The nuanced picture that three CFOs painted Tuesday of the inherent business opportunities and challenges posed by environmental, social and governance initiatives starkly contrasted with the backlash that has roiled the public ESG debate recently.
So, just why is ESG so controversial? That was one of the questions asked by Aaron Yoon, a professor at Northwestern University’s Kellogg School of Management, of the three finance chief panelists during a wide-ranging discussion on the topic at a Crain’s Chicago Business CFO event this week.
“It’s controversial because it’s hard…it’s difficult to define and difficult to measure,” said Geoff Trukenbrod, CFO of LanzaTech and a panelist, adding that he would debate anyone who still questioned whether it was good for business. “I think that debate is over, at least in my mind.”
The panel included Trukenbrod, whose Skokie, Ill.-based firm provides carbon recycling technologies being used to turn emissions from steel mills into polyester; Angela Dowell, CFO of the not-for-profit Chicago Community Loan Fund which provides financing to community development projects; and Matthew Strongin, CFO and co-founder of Chicago-based Nature’s Fynd, a food company that makes meat and dairy alternatives using fungi proteins.
The topic is an increasingly heated one, with the Securities and Exchange Commission expected to release a final rule before May mandating that companies describe on Form 10-K their strategy toward climate risk. Indeed this week SEC Chair Gary Gensler came under fire from Republican lawmakers who said the SEC was exceeding its authority and would impose a disclosure burden that would be especially onerous for small businesses and farmers, CFO Dive previously reported.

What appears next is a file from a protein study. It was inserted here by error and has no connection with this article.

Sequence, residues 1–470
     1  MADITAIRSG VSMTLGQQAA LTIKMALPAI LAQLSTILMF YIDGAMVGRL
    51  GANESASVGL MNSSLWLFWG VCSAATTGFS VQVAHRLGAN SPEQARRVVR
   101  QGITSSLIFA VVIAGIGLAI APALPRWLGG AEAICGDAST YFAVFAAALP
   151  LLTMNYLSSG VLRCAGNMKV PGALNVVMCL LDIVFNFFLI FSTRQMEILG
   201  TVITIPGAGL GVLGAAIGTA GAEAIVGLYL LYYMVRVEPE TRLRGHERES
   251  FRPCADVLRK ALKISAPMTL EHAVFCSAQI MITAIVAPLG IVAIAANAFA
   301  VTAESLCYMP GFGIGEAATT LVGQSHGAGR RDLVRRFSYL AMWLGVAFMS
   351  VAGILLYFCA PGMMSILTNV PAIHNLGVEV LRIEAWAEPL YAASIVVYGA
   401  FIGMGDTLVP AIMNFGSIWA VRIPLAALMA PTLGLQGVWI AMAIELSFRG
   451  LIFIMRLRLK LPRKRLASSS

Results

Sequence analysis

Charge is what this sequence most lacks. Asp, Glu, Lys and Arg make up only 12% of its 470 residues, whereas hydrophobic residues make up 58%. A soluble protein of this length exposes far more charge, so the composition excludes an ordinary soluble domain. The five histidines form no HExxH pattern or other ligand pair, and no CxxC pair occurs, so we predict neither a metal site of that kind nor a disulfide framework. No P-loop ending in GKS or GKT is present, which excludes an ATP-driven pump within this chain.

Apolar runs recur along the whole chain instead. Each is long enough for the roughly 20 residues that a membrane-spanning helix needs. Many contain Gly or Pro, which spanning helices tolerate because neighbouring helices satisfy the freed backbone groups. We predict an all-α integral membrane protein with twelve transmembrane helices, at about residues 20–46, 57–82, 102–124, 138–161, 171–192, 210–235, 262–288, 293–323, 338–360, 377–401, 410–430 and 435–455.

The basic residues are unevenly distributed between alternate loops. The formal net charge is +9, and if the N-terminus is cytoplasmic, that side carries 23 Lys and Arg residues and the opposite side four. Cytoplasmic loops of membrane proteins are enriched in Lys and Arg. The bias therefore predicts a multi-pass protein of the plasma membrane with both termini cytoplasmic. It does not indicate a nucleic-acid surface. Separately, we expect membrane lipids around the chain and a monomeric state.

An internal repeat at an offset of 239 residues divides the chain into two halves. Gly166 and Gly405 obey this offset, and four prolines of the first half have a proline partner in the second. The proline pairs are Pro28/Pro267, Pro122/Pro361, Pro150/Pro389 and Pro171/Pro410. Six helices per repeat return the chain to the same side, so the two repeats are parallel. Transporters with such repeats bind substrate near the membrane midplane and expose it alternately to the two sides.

Though the business models of the finance chiefs on the Crain’s panel largely dovetail with many ESG initiatives or those of their clients, they acknowledged some of the difficulties that they face from backlash on both sides as well as the consequences of the disclosures that they provide in their financial reports.
For example, Dowell said she’s mindful that once she puts social goals or KPIs in her reports she’ll be held accountable to meet them. At the same time, she can win over investors who are incentivized to back ESG goals, such as creating jobs that build stronger communities, she said.
If an investor wants to invest $5 million for five years, she said it’s hard to compete against the returns they could get elsewhere. “But what they’re also getting is a social return from us, so we have to be able to define those social impacts.”
Strongin said his firm is motivated to engage in ESG with a greater emphasis on environmental factors, which he said helps the firm market itself to consumers.
He suggested the environmental impact of the food industry rivals that of electric vehicle cars that get so much attention. While 3 million cars are sold annually in the U.S., he said there are 465 billion eating occasions. He sees ESG as both a profit imperative and a moral imperative which businesses can leverage to help shape the public’s outlook on the issues and inform consumer decisions.
“What businesses and non-profits like ours can do is create this flywheel effect where it’s not just us in our businesses that are making that sale or engaging with the client but we are also making it part of the public discourse and public dialogue affecting how people choose to engage with service providers and goods,” he said.